As drugmakers clamp down on employee travel and communal workspaces in response to the growing coronavirus epidemic, one of the industry's most influential lobbying groups is sending employees home after contact with an infected individual.
The Pharmaceutical Research and Manufacturers of America (PhRMA) will close its Washington, D.C., headquarters for the rest of the week after a visitor tested positive for COVID-19.
The infected individual attended a meeting at the building March 5, the group said in a statement.
The headquarters will undergo a deep cleaning, and employees who interacted with the visitor have been asked to self-quarantine until March 20, a spokesman said.
PhRMA declined to identify the visitor but specified that it wasn't an employee. The group also declined to say whether employees who are now self-quarantined later interacted with lawmakers or congressional staff.
The shutdown at PhRMA, the pharmaceutical industry's top trade group representing most of its largest firms, comes as a management meeting for one of its member companies, Biogen, has been linked to dozens of COVID-19 cases.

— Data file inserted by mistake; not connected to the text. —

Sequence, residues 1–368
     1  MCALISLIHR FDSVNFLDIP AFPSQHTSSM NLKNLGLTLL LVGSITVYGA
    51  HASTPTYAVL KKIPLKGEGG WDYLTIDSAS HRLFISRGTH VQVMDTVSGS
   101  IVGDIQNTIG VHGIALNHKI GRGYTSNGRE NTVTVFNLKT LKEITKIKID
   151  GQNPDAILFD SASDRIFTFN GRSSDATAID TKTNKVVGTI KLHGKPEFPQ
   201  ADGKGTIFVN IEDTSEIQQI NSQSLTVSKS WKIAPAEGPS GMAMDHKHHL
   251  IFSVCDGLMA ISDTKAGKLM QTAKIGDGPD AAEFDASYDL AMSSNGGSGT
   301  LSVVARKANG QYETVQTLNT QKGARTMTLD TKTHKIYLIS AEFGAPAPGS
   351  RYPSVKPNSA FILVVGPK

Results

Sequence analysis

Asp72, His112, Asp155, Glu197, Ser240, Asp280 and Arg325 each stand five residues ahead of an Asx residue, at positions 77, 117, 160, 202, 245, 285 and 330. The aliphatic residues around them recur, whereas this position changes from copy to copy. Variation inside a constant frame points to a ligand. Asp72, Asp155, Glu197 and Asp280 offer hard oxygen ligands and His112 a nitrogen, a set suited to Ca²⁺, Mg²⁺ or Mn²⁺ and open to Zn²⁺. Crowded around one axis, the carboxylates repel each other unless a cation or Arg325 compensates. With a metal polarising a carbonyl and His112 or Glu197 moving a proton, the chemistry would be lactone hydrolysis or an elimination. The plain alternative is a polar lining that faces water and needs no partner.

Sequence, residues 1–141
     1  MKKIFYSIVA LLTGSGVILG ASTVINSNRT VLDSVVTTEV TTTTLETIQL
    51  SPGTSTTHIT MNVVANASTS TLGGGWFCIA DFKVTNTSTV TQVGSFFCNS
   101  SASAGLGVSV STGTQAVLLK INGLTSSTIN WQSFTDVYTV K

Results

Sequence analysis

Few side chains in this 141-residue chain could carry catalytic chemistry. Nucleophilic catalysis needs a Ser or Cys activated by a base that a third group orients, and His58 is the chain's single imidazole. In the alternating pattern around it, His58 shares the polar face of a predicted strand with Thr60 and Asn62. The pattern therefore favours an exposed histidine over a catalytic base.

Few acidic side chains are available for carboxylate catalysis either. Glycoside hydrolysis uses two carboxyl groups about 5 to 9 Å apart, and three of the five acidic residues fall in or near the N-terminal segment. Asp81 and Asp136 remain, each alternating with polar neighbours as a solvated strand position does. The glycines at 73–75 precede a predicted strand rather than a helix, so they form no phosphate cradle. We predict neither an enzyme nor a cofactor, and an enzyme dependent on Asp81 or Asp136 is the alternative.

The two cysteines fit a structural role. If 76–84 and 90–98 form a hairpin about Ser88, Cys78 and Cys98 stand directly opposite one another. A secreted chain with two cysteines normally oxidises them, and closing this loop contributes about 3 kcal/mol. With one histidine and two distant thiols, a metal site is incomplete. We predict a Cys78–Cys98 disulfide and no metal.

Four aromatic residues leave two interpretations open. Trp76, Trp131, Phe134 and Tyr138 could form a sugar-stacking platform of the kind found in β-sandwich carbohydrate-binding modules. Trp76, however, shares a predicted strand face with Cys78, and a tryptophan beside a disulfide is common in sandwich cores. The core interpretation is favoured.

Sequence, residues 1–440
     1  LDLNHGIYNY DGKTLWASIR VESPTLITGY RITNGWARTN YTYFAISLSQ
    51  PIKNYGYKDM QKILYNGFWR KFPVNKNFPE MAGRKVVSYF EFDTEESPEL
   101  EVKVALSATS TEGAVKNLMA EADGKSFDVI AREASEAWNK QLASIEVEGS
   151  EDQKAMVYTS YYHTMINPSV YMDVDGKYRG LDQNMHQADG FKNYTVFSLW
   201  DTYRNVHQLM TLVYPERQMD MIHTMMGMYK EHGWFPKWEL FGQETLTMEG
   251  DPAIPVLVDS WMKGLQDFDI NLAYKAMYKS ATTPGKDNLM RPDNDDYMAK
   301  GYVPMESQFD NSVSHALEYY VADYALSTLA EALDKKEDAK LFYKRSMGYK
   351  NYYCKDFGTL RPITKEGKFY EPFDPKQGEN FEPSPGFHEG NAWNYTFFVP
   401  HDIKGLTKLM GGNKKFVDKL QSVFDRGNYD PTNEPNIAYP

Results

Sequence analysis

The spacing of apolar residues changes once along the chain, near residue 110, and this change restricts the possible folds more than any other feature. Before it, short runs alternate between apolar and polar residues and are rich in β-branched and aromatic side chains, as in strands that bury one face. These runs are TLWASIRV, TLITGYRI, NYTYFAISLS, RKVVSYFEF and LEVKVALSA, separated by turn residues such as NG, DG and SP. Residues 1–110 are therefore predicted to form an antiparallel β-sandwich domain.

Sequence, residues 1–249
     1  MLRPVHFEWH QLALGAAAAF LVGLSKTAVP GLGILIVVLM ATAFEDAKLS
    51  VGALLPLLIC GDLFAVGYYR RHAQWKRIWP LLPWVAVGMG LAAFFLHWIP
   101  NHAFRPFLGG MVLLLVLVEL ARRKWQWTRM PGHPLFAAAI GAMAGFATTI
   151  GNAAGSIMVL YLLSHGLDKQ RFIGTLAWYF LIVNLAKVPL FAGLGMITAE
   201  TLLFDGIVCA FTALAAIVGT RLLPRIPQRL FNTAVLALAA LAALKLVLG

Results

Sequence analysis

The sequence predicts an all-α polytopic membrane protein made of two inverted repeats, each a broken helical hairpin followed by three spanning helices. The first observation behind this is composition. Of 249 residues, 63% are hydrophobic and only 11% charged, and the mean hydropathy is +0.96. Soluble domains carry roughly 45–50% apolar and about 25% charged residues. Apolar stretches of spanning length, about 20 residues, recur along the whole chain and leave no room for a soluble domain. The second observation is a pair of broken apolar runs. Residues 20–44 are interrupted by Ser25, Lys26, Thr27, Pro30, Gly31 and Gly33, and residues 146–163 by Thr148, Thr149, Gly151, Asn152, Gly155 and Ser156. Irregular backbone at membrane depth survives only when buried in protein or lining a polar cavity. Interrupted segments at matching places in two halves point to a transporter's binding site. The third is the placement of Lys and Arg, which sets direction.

As of Monday, more than 40 individuals connected to a Biogen meeting in late February in Boston have tested positive for the virus, including 32 in Massachusetts alone, according to the Massachusetts Department of Health.
Biogen on Sunday instructed meeting attendees that they would be contacted by authorities for testing and required them to self-quarantine. They were told to avoid contact with family, loved ones or roommates for the time being.
Employees and contractors at the drugmaker's facilities in Massachusetts; Research Triangle Park, North Carolina; and Baar, Switzerland, were instructed to work from home “until further notice.”
A Biogen spokeswoman called the decisions "a difficult situation for our colleagues and their loved ones.”
Meanwhile, a suite of other PhRMA members are also taking steps to limit employee travel and communal work.
Takeda, which has 5,000 employees in Massachusetts, instructed most of its staff in the state on Monday to work from home as well. Those who can’t, such as lab scientists, are encouraged to keep distance between one another and limit meetings to less than 10 people.
Amgen is suspending international business travel and medical conference attendance until April 17. GlaxoSmithKline, Sanofi, Roche, Bristol Myers Squibb, Mylan and others are taking their own steps—including limiting travel and instituting work-from-home policies—to prevent the spread of infections.